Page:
Joel Harden MPP / Député, Ottawa Centre

Government of Ontario

Government's triage protocol needs public consultation and must respect disability rights

Published on April 13, 2021

QUEEN’S PARK –  MPP Andrea Horwath and MPP Joel Harden said that as ICUs struggle to provide care for a rising number of people in critical condition, the provincial government must hold open consultations on the triage protocol and remove disability discrimination from it.
“We all desperately hope the triage protocol will never have to be triggered, and there is more the provincial government can do to prevent that horrific scenario from playing out in Ontario. But preparing for life-and-death decisions about the lives of people, including people with disabilities, should not be done by the government in secret,” said Horwath. “ It's time for this government to do the work it should have done months ago, and consult with disability and human rights groups, as well as Ontario families — who will bear the consequences of these decisions.”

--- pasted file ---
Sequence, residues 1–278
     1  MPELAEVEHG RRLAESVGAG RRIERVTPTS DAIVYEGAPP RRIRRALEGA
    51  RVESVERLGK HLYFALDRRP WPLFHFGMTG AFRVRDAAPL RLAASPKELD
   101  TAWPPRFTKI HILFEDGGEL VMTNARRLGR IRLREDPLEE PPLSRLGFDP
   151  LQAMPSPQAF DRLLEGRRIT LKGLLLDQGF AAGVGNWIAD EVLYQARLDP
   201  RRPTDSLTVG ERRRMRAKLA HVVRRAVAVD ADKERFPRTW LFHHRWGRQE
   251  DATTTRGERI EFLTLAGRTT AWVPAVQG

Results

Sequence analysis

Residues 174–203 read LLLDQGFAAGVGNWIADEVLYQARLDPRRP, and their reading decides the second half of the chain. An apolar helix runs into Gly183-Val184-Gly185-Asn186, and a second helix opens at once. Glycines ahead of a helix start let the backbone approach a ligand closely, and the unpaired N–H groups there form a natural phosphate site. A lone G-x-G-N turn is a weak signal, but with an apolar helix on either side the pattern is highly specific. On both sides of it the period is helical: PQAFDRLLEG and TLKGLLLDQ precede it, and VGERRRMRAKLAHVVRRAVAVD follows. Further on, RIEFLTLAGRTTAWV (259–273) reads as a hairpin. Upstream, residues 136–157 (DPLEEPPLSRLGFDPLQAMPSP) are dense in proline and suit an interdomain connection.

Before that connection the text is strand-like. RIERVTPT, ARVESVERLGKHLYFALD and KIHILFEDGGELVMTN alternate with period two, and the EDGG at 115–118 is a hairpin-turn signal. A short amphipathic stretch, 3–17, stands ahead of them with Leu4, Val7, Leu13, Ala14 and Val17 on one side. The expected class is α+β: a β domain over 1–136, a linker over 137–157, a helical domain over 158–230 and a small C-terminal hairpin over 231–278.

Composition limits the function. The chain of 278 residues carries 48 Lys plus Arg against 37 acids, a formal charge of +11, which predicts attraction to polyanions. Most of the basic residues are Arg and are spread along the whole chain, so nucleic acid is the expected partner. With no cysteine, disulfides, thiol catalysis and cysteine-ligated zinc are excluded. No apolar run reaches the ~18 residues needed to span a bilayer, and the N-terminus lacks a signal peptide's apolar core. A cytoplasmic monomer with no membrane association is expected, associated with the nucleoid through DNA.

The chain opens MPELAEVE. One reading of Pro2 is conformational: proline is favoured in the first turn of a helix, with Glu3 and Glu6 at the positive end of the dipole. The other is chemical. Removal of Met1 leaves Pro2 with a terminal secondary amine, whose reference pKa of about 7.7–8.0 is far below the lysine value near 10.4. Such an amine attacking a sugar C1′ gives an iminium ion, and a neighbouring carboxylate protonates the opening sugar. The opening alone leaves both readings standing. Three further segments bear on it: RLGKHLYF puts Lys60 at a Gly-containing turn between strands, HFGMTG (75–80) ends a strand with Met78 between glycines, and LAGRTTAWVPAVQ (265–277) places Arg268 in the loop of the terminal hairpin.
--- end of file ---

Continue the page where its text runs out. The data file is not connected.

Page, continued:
Horwath and Harden said the government must listen to the over 200 community organizations that wrote to the government over a year ago exposing and denouncing its directions to Ontario hospitals on life-saving critical care that discriminates against people with disabilities. According to the Toronto Star, the government is considering indemnifying critical care physicians from lawsuits — which means the government is planning for doctors to have to make life-and-death decisions about allocating care, but is doing so behind closed doors.
"People with disabilities face a higher risk of getting and being severely impacted by COVID-19," said Harden. "The government must immediately remove disability discrimination from its clinical triage protocol, and respect the human rights of patients with disabilities."